Business Social Compliance Initiative (BSCI)

What is a BSCI Audit ?

A Business Social Compliance Initiative (BSCI) audit is the process of assessing an organization’s social compliance in the global supply chain. It aims to evaluate the processes and working conditions of the organization if it adheres to the principles of the BSCI code of conduct. A BSCI audit is essential to create a consistent and harmonious ethical supply chain.

Importance of BSCI Audit

Conducting a BSCI audit helps the organization in monitoring and assessing workplace standards including traders, vendors, and suppliers if they demonstrate social responsibility across the global supply chain. It helps the organization to:
• avoid labour issues of their suppliers,
• standardize policies and processes according to the global market trade, and
• reduce unnecessary damage costs and negative press.

11 Principles of BSCI Code of Conduct

BSCI was established in 2003 by the Foreign Trade Association (FTA) to establish a common platform for the various European companies’ codes of conduct and monitoring systems. The following are the principles observed under BSCI code of conduct:

1. The Right of Freedom of Association and Collective Bargaining

Employees have the right to join or form a union group to cooperate and engage in a dialogue about workplace issues and collective bargaining.

2. Fair Remuneration

Employees should receive fair compensation for the service they provided. It should be sufficient to provide them with a decent living for themselves and their families.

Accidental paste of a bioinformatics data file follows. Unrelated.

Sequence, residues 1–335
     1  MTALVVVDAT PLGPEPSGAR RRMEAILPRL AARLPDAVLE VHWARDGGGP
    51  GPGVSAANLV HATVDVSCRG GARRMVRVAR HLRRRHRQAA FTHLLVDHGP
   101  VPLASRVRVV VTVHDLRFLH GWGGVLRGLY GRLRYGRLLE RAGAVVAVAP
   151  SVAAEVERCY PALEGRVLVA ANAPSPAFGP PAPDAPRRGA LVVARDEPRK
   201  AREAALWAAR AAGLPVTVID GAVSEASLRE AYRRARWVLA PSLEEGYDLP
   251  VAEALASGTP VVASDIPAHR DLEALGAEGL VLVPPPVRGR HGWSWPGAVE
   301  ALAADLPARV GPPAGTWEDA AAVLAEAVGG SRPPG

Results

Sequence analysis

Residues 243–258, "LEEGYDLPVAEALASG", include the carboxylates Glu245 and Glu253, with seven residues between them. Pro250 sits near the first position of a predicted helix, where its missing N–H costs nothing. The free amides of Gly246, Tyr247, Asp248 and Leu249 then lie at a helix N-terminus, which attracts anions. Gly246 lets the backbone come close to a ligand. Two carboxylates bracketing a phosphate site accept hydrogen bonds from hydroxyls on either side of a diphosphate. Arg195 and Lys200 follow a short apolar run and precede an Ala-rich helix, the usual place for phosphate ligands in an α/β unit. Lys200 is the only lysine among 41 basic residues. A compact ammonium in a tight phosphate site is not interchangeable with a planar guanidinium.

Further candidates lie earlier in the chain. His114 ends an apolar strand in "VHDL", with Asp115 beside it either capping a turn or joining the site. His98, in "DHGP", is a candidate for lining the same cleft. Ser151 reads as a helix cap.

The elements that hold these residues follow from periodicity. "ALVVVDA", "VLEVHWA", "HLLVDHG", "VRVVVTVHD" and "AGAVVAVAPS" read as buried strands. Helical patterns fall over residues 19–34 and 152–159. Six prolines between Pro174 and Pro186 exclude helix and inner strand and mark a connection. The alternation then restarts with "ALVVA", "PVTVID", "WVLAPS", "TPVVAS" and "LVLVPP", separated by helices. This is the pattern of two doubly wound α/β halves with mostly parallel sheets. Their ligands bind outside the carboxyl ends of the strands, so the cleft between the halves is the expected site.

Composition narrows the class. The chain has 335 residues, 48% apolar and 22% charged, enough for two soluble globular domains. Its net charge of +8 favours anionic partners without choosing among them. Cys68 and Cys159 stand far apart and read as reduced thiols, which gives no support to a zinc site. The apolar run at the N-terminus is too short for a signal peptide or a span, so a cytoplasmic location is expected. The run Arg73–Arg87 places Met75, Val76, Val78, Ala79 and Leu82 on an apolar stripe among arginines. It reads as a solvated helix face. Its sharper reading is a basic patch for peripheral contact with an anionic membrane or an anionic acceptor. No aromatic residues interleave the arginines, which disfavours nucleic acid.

3. Occupational Health and Safety

The organization must comply with Workplace Health and Safety (WHS) practices implemented and followed across the business. Partners should protect their employees in any work-related incidents, injuries, and illnesses.

4. Special Protection for Young Workers

Business partners should ensure the health and safety of young workers considering the kind of work, health risks, and working hours which would likely affect their attendance and participation at school.

5. No Bonded Labour

Business partners shall not participate in any form of servitude or non-voluntary labour. They should allow their workers the right to leave work and terminate their employment provided with reasonable notice to their employer.

6. Ethical Business Behaviour

The organization should observe the principle of a corruption-free environment. Transparency is observed in all activities involving structure, training, and employee performances. All data information should be reliable and accurately recorded.

7. No Discrimination

The organization shall not discriminate, exclude or have a certain preference for choosing their employees on the basis of disabilities, race, gender, and more.

8. Decent Working Hours

Employees are not required to work more than 48 regular hours per week, without prejudice to specific expectations. In exceptional cases defined by the International Labour Organization (ILO) overtime may be permitted but it should be voluntary, doesn’t compromise Workplace Exposure Limits (WELs), and paid at a premium rate of not less than one and one-quarter times the regular rate.

9. No Child Labour

The organization should establish a clear policy in employing their workers. Upon recruitment employers shall ensure the applicant is not less than 15 years of age unless the job is under the exception recognized by the ILO.

10. No Precarious Employment

Employers should secure a written contract for all onboarding employees covering the national legislation, custom or practice, and international labour standards.

11. Protection of the Environment

The organization should assess the environmental impact of operations including waste management, and establish effective policies and procedures to protect the environment, community, and natural resources.